A suspected arson attack on a French kosher grocery store revived fears of anti-Semitism on Tuesday, three years to the day since a deadly assault on a Jewish supermarket by an Islamist gunman.
Prosecutors said the Promo & Destock store in the southern Paris suburb of Creteil caught fire overnight, days after it was hit by anti-Semitic graffiti.
“The damage is believed to be very severe,” Creteil prosecutor Laure Beccuau told AFP, adding that investigators do not believe the fire was accidental. She said that an investigation into the incident has been opened by the judicial police of the Val-de-Marne department.
The fire spread to the adjacent local branch of the Hyper Cacher kosher supermarket chain, which was also vandalized last week, according to the prosecutor.
The incident occurred exactly three years after French jihadist Amedy Coulibaly took hostages at the Porte de Vincennes branch of Hyper Cacher in eastern Paris on January 9, 2015, killing five people before elite police raided the premises and shot him dead. Despite the timing, a source close to the investigation warned that “it is too early to discuss motivations for this act.”
Israel’s ambassador to France, Aliza Bin Noun, called the fire a “shameful provocation.”
The prosecutor’s office in the Parisian suburb of Creteil said that a fire was reported between 4 and 5 a.m. at the Promo & Destock store. “Preliminary information suggests there is very significant damage,” Beccuau told AFP.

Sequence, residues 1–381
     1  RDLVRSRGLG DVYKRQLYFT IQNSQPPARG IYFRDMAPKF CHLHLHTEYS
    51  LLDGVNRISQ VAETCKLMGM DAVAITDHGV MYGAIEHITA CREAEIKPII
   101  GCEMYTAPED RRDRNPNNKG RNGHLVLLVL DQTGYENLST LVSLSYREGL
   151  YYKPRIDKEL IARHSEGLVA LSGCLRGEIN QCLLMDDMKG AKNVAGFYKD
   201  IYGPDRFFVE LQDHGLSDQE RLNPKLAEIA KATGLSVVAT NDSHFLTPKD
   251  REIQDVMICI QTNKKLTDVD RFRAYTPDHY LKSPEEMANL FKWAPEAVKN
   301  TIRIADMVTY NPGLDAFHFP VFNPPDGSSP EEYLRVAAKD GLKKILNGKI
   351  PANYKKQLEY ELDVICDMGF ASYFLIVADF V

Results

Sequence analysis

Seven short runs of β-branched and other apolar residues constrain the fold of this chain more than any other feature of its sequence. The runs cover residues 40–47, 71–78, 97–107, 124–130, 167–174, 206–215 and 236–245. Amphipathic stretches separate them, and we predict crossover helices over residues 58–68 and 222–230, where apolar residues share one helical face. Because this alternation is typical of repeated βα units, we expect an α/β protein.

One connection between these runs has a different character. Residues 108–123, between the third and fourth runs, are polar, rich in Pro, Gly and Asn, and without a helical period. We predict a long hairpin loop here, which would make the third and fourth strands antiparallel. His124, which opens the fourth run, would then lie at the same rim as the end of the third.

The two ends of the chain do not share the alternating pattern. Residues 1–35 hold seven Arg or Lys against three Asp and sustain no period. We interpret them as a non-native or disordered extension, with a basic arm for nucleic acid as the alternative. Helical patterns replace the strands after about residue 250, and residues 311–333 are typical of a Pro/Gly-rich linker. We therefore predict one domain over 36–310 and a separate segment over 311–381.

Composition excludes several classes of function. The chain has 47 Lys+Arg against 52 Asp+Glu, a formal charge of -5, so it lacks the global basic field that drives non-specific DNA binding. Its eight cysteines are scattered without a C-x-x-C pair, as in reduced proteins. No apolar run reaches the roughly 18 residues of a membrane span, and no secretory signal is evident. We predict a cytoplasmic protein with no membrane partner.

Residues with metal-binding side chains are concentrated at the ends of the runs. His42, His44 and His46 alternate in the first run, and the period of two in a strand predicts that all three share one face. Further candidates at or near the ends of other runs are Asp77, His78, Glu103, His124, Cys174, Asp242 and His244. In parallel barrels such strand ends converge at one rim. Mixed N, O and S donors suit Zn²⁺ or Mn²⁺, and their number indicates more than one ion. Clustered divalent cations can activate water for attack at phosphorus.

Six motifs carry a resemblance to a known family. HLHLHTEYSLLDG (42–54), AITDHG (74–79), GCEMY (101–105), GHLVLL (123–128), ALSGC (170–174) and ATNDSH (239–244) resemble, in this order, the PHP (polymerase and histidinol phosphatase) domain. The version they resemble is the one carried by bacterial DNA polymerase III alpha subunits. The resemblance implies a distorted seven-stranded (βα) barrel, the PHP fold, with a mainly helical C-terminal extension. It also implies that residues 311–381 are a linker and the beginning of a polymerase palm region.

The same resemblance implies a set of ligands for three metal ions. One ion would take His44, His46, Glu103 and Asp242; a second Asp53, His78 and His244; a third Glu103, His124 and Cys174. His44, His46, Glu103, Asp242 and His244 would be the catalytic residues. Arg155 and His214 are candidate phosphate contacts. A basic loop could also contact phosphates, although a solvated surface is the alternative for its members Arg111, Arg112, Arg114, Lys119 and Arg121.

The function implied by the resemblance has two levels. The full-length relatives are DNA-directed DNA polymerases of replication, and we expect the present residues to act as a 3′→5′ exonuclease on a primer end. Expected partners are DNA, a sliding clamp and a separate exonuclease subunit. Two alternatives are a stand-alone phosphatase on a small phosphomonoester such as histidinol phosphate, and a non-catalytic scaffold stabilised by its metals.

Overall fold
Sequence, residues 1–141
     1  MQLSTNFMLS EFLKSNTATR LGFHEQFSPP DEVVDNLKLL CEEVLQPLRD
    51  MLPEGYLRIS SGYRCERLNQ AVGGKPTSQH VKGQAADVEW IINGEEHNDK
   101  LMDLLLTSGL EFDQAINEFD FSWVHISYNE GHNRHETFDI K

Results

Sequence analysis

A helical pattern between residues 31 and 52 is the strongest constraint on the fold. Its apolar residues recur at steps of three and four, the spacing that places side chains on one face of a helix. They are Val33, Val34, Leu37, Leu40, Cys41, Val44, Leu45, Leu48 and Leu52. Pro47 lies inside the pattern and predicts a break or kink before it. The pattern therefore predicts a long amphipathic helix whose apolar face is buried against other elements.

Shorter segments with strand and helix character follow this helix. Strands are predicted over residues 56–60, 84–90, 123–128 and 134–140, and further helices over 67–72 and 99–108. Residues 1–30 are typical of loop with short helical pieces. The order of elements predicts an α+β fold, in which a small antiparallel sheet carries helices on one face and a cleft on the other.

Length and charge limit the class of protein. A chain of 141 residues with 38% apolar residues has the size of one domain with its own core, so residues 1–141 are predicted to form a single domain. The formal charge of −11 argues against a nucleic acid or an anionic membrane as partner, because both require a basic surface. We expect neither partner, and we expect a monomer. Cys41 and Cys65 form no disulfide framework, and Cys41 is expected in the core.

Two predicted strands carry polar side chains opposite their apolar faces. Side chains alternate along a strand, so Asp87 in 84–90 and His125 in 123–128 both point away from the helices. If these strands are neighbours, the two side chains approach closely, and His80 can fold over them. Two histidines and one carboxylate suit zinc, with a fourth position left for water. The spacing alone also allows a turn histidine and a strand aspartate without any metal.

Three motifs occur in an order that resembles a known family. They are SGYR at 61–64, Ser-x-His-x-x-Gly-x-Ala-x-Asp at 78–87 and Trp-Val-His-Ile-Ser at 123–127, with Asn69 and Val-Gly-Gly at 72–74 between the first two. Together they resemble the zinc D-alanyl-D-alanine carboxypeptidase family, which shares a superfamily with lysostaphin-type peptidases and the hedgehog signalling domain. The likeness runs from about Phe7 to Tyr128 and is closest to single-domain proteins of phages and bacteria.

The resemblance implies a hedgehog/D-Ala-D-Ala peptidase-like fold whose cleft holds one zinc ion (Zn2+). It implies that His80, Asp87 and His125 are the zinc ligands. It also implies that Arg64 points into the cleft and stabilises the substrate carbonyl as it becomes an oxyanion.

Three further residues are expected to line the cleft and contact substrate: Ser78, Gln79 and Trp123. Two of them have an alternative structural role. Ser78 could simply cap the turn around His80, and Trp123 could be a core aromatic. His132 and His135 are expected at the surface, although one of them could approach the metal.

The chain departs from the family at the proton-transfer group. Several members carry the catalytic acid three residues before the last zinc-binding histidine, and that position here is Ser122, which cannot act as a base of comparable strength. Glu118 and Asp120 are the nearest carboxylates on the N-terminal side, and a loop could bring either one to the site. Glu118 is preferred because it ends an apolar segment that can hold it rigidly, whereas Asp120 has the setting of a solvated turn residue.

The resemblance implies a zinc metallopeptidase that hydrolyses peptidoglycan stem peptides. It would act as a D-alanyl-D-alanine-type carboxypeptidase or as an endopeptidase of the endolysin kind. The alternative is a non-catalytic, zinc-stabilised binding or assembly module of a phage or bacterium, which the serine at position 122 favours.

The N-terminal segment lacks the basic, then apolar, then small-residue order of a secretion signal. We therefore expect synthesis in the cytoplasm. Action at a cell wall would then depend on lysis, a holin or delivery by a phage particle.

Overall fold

On January 3, authorities said a total of five swastikas were daubed with red paint on the shuttered blinds of Promo & Destock and the local Hyper Cacher branch. JTA reported at the time that “there are no suspects.”
French Interior Minister Gérard Collomb said in a statement after the swastikas were discovered that he “firmly condemns” the incidents, vowing to bring those responsible to justice and calling their actions an attack against the entire Jewish community of France, Le Parisien reported.
The 2015 attack on the Hyper Cacher supermarket triggered deep concern among France’s large Jewish community over growing anti-Semitism.
That year, a record 7,900 French Jews emigrated to Israel, many of them citing increased fears over anti-Semitism.
Though the exodus has since slowed, a string of anti-Semitic crimes have continued to worry France’s large Jewish community.
In April 2017, a Jewish woman was murdered, pushed from a third-floor window by a Muslim neighbour, while a Jewish family was beaten, held hostage and robbed in what rights groups said was a hate crime.
Former French prime minister Manuel Valls told Europe 1 radio last Wednesday that more needed to be done to tackle anti-Semitism, which he said had become “deeply rooted” in France.
“What has changed over the past three years is the awareness of this level of anti-Semitism,” he said.
Valls added that French society as a whole had failed to mobilize in support of Jews following anti-Semitic attacks such as the 2012 Islamist shooting at a Jewish school in Toulouse in which four people were killed, including three children.
“These are crimes that must be prosecuted and condemned, we need to do more,” he said.
JTA contributed to this report.